Updates to our Terms of Use

We are updating our Terms of Use. Please carefully review the updated Terms before proceeding to our website.

Saturday, July 20, 2024 | Back issues
Courthouse News Service Courthouse News Service

Florida divers appeal felony theft convictions for freeing sharks

An 11th Circuit panel appeared divided Tuesday on whether a federal court in Florida fairly convicted two divers of theft after they freed dying sharks from what they claimed to believe was an illegal fishing line.

(CN) — An attorney for two Florida divers who cut what they allegedly believed was an illegal, abandoned fishing line to free 19 dying sharks asked a federal appeals court on Tuesday to overturn his clients’ theft convictions.

After a five-day trial, Tanner Mansell and John Moore, Jr. were each convicted in federal court of one count of theft of property in the special maritime and territorial jurisdiction of the United States.

The two men removed fishing gear from waters off Florida’s eastern coast and cut sharks loose from a line which turned out to belong to a fishing boat. The vessel's owner had a rare permit to harvest sandbar sharks for government research.

Mansell and Moore were sentenced in February 2023 to one year of probation each and ordered to pay $3,300 each in restitution.

On Tuesday, an attorney for the divers told an 11th Circuit panel in Miami that the judge in the case did not give correct instructions to the jury, leaving jurors confused about the legal meaning of the word “steal” as it applied to the charge against his clients.

Arguing on behalf of Mansell and Moore, public defender Andrew Adler said the lower court should have told the jury that the government could not secure a guilty verdict unless it proved his clients took the fishing gear for their own use or benefit.

Adler argued that his clients “reasonably interfered” with the fishing line because they “reasonably believed” it was abandoned and illegally killing sharks. Disputing claims by prosecutors that the freshly baited line had a clearly marked buoy, the attorney told the panel there were no markings and that his clients were unaware the line was permitted by the National Oceanic and Atmospheric Administration.

Mansell and Moore encountered the fishing line while taking a group of tourists to snorkel with sharks. They pulled the line and buoy out of the water and into their boat, cut the sharks loose and called the Florida Fish & Wildlife Commission to make a report.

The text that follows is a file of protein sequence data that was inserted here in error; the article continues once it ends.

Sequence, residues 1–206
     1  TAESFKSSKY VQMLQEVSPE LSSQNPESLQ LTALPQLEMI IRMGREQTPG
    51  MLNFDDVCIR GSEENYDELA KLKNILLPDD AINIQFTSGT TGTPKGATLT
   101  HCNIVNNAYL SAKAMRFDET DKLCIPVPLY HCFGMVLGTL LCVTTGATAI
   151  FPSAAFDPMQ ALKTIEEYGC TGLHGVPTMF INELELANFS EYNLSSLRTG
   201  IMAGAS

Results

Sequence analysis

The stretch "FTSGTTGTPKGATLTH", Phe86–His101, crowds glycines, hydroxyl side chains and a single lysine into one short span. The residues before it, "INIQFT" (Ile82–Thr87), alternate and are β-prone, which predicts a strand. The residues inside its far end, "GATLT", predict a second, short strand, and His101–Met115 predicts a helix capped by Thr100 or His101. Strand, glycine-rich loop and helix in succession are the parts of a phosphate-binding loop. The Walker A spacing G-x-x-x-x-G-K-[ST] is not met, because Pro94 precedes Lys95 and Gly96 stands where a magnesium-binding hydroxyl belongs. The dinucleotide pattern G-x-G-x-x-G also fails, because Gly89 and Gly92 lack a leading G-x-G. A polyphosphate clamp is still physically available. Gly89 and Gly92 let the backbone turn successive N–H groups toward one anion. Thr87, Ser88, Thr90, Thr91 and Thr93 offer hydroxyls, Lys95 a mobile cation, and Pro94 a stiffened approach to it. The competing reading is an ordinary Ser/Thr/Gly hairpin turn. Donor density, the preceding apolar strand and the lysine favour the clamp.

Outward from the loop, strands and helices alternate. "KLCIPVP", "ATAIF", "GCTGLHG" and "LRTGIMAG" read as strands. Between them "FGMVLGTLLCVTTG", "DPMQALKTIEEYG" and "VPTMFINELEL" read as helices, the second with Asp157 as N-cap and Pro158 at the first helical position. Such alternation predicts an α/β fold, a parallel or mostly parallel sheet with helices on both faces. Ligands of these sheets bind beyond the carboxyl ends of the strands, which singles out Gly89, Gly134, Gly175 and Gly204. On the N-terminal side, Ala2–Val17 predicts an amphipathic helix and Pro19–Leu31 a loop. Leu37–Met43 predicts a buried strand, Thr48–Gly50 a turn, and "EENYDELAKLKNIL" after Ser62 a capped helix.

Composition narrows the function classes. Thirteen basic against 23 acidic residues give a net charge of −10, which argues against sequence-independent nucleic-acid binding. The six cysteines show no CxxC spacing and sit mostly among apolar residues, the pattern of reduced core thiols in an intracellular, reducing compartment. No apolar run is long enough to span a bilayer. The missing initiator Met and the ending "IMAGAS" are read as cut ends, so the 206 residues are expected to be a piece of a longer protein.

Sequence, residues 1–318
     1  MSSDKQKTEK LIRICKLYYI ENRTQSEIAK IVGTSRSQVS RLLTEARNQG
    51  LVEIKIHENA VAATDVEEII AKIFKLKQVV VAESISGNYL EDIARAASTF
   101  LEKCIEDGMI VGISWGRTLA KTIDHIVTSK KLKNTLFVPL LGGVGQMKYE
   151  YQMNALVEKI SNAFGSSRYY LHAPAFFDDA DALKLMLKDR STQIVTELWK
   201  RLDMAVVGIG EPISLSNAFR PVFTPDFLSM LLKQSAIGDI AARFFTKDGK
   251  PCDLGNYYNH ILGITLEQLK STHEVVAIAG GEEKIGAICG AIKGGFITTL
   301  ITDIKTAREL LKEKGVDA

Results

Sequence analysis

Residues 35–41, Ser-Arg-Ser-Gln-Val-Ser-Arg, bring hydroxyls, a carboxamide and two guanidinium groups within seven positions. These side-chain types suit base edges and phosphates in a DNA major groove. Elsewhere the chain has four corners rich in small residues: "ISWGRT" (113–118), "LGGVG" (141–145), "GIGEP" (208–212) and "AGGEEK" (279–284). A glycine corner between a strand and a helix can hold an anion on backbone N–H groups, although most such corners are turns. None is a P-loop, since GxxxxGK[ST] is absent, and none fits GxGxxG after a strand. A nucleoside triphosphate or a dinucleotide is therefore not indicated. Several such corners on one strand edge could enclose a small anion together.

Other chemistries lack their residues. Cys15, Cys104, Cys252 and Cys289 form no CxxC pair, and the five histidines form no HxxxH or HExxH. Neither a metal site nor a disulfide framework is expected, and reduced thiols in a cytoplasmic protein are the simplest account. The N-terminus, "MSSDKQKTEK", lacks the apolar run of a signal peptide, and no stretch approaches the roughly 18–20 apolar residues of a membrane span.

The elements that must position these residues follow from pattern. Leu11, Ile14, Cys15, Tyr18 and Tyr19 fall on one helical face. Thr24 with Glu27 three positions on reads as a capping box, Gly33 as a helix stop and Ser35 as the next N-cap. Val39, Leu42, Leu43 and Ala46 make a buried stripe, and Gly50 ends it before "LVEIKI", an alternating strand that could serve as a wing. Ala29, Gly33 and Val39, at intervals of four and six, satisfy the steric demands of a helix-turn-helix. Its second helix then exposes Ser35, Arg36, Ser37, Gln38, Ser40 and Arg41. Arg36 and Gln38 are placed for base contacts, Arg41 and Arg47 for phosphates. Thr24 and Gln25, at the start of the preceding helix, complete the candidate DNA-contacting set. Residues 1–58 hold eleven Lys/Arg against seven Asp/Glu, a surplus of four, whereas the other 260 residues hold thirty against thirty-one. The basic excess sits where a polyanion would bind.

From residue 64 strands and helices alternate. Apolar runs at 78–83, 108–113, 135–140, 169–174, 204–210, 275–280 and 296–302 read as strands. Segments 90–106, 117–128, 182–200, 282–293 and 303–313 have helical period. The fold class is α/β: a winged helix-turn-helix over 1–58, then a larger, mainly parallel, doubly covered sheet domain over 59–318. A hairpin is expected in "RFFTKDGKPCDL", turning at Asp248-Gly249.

“No ordinary person would think what the [defendants] did here was stealing," Adler told the panel.

An attorney for the government asked the appeals court to uphold the convictions. Jonathan Colan, a senior appellate attorney for the Justice Department, argued that jurors heard Mansell and Moore’s “innocent explanation” and were entitled to reject it.

But Adler argued that U.S. District Judge Donald Middlebrooks did not satisfactorily explain to jurors the “felonious intent” necessary to elevate his clients’ actions to the level of a federal crime.

“When you’re taking property to resolve a life-or-death emergency, which the [defendants] were doing in this case, that is not stealing,” Adler said, adding that there was no evidence that his clients took the property to keep for themselves.

Jurors’ confusion over the legal definitions of words including “stealing,” “mistake,” and “bad purpose” caused them to send a total of seven notes to the judge during deliberations, Adler said. Jurors twice reported being deadlocked but were ordered to keep deliberating.

Colan argued that the jury’s questions merely showed they were trying to be “diligent.”

The two Trump-appointed judges on Tuesday’s panel, U.S. Circuit Judges Barbara Lagoa and Britt Grant, appeared to agree with Adler that the jury may not have been correctly instructed with respect to the divers’ state of mind.

Lagoa outright rejected Colan’s arguments that the definitions were clear, pointing out that Middlebrooks told jurors to rely on the ordinary meanings of “mistake” and “bad purpose” and did not provide clarification.

Colan told the panel that Mansell and Moore “acted with a bad purpose” to “entertain their guests and have more sharks available for their customers.”

Adler argued that Middlebrooks's refusal to provide the jury with more guidance led to an unfair verdict.

“Had the definitions been given, [Mansell and Moore] would have been acquitted,” Adler said.

The three-judge panel was rounded out by U.S. Circuit Judge Charles Wilson, a Bill Clinton appointee. The panel did not indicate when they will issue a ruling in the case.

Follow @KaylaGoggin_CNS
Categories / Appeals, Criminal, Environment, Regional

Subscribe to Closing Arguments

Sign up for new weekly newsletter Closing Arguments to get the latest about ongoing trials, major litigation and hot cases and rulings in courthouses around the U.S. and the world.

Loading...